Last Tuesday, College Council (CC) passed a resolution entitled “A Resolution in Support of Free, Open, and Honest Dialogue at Williams College.” Our goal in crafting the resolution was to enshrine the right to freedom of speech on this campus while also protecting individuals’ rights to disagree with one another and engage in protest. The resolution stems from months of thought and conversation about where the College should stand in the world of discourse that surrounds us.
We both believe that one of the defining elements of our education is the platform that the College provides us with to listen to and engage with a multitude of viewpoints. Interacting with a diverse set of viewpoints is an instrumental part of our liberal arts education, as it ingrains in us both the ability, and the inclination, to think critically about the world around us.
The intent of this resolution is not to police the tone of debate, determine the acceptability of particular acts of free speech or allow CC to restrict discussion on campus. Instead, the resolution proactively makes a statement: here at the College, we want to ensure that no one encroaches on the space that is necessary for dialogue and debate to occur and flourish.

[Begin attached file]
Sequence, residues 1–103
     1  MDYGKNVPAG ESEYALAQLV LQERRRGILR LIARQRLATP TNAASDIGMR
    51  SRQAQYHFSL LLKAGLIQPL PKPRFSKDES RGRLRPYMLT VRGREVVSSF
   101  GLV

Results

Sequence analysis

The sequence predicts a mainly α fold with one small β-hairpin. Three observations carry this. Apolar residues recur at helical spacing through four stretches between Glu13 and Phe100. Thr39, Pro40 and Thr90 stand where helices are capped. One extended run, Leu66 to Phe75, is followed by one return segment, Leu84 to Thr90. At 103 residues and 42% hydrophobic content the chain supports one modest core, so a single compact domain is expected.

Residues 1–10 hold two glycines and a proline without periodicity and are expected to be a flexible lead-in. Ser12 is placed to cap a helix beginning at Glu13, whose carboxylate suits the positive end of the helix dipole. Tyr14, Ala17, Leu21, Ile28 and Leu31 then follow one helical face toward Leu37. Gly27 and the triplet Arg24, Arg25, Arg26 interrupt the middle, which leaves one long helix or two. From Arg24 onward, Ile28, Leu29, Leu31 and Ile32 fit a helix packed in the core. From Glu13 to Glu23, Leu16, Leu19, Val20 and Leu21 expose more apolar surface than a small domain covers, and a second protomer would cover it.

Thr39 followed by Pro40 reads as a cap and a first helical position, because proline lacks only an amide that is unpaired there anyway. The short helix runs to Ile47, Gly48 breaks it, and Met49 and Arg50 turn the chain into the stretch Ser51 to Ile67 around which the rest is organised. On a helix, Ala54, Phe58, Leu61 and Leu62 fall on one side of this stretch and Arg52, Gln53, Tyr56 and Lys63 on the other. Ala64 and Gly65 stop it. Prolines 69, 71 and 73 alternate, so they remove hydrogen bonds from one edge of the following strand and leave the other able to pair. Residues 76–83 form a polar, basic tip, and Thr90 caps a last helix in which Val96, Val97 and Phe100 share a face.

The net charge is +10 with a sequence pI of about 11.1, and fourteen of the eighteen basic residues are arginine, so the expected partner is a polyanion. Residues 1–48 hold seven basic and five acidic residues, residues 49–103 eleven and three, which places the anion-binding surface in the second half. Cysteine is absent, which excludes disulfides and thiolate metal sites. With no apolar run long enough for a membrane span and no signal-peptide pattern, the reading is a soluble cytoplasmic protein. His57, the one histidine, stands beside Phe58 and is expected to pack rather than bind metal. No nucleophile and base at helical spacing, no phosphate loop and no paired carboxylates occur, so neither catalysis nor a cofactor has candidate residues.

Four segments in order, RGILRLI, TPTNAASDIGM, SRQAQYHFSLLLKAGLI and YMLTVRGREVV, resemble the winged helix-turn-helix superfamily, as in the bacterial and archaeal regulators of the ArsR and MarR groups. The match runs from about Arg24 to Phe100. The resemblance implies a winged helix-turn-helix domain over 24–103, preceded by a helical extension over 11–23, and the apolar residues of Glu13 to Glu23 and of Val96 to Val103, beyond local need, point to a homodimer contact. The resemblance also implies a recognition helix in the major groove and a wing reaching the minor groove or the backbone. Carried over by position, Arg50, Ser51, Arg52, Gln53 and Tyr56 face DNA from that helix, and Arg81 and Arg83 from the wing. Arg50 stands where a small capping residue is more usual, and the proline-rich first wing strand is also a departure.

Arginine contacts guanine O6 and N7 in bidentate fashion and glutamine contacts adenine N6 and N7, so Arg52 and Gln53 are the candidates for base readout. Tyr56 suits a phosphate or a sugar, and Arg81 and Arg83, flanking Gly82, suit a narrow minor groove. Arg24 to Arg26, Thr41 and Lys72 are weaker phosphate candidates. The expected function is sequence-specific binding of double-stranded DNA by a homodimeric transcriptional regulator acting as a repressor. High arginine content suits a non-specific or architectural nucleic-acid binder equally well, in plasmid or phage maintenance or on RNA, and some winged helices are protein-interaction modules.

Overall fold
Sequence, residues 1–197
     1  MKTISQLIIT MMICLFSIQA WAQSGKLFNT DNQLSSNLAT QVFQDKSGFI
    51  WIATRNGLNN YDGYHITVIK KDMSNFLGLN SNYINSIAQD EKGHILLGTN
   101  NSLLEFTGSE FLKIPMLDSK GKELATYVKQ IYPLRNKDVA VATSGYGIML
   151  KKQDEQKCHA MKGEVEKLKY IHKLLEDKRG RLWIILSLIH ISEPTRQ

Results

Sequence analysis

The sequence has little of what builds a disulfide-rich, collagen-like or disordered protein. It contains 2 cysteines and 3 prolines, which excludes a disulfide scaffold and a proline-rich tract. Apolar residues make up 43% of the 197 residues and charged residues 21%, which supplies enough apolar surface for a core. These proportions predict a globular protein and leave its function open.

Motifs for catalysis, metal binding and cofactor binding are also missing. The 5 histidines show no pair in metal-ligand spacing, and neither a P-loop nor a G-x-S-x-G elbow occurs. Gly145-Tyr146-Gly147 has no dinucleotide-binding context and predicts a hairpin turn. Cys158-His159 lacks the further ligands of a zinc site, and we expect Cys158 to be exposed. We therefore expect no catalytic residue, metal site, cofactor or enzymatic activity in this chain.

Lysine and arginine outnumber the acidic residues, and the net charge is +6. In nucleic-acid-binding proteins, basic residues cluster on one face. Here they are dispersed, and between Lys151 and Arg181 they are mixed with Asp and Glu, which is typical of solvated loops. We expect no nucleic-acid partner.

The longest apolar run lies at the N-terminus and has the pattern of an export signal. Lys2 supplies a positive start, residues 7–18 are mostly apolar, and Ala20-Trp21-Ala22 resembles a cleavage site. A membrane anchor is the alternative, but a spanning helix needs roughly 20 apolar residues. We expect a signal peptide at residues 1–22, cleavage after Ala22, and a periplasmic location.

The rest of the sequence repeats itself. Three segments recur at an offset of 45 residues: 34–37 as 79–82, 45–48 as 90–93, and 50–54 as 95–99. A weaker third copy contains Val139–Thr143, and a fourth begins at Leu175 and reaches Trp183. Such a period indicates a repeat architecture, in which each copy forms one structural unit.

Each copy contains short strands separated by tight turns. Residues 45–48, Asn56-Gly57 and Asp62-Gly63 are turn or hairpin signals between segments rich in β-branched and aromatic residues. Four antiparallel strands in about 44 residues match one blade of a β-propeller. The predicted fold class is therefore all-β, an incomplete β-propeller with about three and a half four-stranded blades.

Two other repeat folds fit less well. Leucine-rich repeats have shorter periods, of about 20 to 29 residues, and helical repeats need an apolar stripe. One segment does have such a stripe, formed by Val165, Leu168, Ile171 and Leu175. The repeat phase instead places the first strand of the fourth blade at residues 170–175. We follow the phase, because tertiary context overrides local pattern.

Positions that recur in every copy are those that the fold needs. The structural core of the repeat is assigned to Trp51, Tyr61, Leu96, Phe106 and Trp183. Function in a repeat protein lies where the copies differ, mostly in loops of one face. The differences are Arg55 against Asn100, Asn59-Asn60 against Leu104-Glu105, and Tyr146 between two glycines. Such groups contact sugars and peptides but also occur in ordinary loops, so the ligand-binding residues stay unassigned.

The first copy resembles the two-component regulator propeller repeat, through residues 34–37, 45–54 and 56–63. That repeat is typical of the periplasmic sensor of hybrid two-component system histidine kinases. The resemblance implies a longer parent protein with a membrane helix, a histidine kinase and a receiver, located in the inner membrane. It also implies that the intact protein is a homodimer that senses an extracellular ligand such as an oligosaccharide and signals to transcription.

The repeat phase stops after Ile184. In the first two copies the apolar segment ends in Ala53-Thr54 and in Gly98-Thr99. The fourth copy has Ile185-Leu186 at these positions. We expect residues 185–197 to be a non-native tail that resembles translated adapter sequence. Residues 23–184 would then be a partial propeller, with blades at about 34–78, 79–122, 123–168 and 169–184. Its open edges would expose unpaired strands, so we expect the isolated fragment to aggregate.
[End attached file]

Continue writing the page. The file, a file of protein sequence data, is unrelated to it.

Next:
Protecting only the expression of views with which we are comfortable means abandoning a core tenet of higher education: questioning and confronting our pre-existing beliefs so that we can emerge from our college experience as engaged and critical thinkers.
This resolution affirms both the right to freedom of speech on campus and the rights to protest and disagree. It continues to foster a community where individuals can state opposing views and work together to learn from each other. It elevates the importance of dialogue on our campus. It expresses the CC’s disdain for speech that encourages violence or prejudice towards others in our community. It unconditionally rejects the use of violence or threats of violence to discourage speech. With this resolution, we affirm the voices of all individuals and protect those voices that promote ideas outside of mainstream norms.
We want to thank all those members of CC with whom we have had extensive conversations over the past weeks and months to better inform the resolution. We also would like to thank more than one hundred of our classmates and peers for taking the time to speak with us. Throughout the process, we very much enjoyed our conversations and appreciated everyone’s feedback, which helped us write a more inclusive and effective resolution. For more information and the full wording of the resolution, please visit the CC’s website and click on the Documents tab.
Kevin Mercadante ’17 is an economics major from Garden City, N.Y. He lives in Poker Flats. Hanson Koota ’17 is an art and chemistry double major from Belle Meade, N.J. He lives in Spencer.